There were signs that a top was near, from the Coinbase IPO to Elon Musk on Saturday Night Live. But the cryptocurrency has risen from the dead before
Bitcoin has formed at least three classic bubbles already in its brief history. Each time it has crashed by 80 per cent or more, and then revived after a few years
Bitcoin goes a bit crazy
Fiat currencies are never this exciting. Bitcoin set its most recent high, of just under $65,000, on April 14. After that it had steadily given ground, and that became a headlong crash in the early hours of Wednesday morning. By 9 am New York time, bitcoin hit $30,016 — a fall of almost 54 per cent in five weeks. Over the next four hours, it rallied almost 36 per cent. At the time of writing, the price is $39,000. It was quite a ride.
Bitcoin is still blessed, or plagued, with believers rather than investors. There are lots of great arguments for bitcoin, and even more for the blockchain technology on which it is based. While it inspires cultish devotion, it is difficult to analyse as an investable asset.
That’s a shame, because this was one day when the crypto world appeared to be the tail that wagged the stock market dog. The S&P 500 sold off sharply at the open, as traders looked at the bloodbath in cryptocurrencies overnight, and then spent most of the day regaining ground as bitcoin staged its own spectacular rebound. It did this even after the somewhat hawkish minutes from the last Federal Open Market Committee meeting gave another reason to sell stocks.
Naturally, this has lots to do with emotion, and in particular with Elon Musk. But even if we take Musk’s hype and the excitement he generated into account, nothing happened in the early hours of Wednesday to justify such a huge selloff and rally. And while waves of emotion happen in markets all the time, they are seldom this powerful or as swift. So, how to explain what has happened? Could it have been predicted? And can we predict anything for the future?
Curse of the IPO
There was one surefire clue that something like this was going to happen. Throughout history, initial public offerings have taken place at peaks of confidence. When the owners of a big private company think market conditions are as good as they are going to get, they will go public. And as they know what they are doing, the rest of us should take the hint.
Coinbase Global, the biggest intermediary in the cryptocurrency space, listed last month at almost the exact top for bitcoin. I’m not saying that backers of Coinbase had any inside information, just that they understood conditions were as good as they were going to get.
The Elon Musk show was more entertaining, and his arguments against bitcoin on environmental grounds are valid — although he should have been perfectly aware of these problems before he started plugging cryptocurrencies. But we shouldn’t have taken our eyes off the Coinbase show. The Curse of the IPO will not be denied.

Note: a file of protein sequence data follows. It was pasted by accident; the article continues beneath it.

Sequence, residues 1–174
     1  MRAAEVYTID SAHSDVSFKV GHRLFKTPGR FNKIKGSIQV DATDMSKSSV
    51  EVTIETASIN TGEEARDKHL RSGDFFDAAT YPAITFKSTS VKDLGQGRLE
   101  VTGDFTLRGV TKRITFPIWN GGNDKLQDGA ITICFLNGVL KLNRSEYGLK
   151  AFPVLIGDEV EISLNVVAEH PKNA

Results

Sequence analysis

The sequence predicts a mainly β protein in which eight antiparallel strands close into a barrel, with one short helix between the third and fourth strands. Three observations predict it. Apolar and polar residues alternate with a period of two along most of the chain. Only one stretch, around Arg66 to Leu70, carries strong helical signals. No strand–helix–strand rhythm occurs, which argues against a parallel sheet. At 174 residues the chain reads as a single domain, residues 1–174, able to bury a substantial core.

Bracing for regulation
If the Coinbase IPO was a good “tell” that bitcoin was ready for one of its periodic steep falls, it didn’t give a good cue for Wednesday’s flash crash. Regulators did. Bitcoin generates much of its excitement precisely because it is an alternative to fiat currencies. Like gold, it might be able to hold its value, impervious to the actions of governments.
The problem is that governmental fiat can destroy currencies as well as create them. Governments hold a monopoly on issuing currency, and would understandably be loath to lose it. This is one of the most serious “bear” points against bitcoin, and it got a lot of new support in the hours before the flash crash. From China came the news that payment and credit organisations were to be blocked from accepting bitcoin. In the US, the new comptroller of the currency at the Treasury Department — succeeding a man recruited by the Trump administration from Coinbase, of all places — announced a review of crypto regulation policy.
Michael Hsu, the acting comptroller, said: “At the OCC, the focus has been on encouraging responsible innovation. For instance, we created an Office of Innovation, updated the framework for chartering national banks and trust companies, and interpreted crypto custody services as part of the business of banking. I have asked staff to review these actions.”
This is far from a declaration of war, and he made clear his belief that financial technology companies had a future. But any sign that the lenient regime currently in place might be changed was unwelcome for bitcoin investors.
It isn’t a coincidence that the extreme selling started after the Chinese news, however. It shouldn’t be surprising that a bad news item in Asian hours prompted a flash crash.
Bitcoin has formed at least three classic bubbles already in its brief history. Each time it has crashed by 80 per cent or more, and then revived after a few years.
Where does this leave us? My best guess is that another surge in cryptocurrency assets has peaked and that it will probably be a while before the high from last month is revisited. Given bitcoin’s ability to pick itself up and start again, demonstrated several times now, it is way too soon to say that this is a burst bubble. Whether it really establishes itself as a part, or even an essential part, of the global financial system will depend on how many people use it, and how tolerant central bankers are of that. While bitcoin continues to develop, it will be worth as much as someone is prepared to pay for it. The digital currency’s fortunes are likely to remain tied to risk appetite in society at large; whatever direction bitcoin goes in, we can expect other risk assets to go the same way.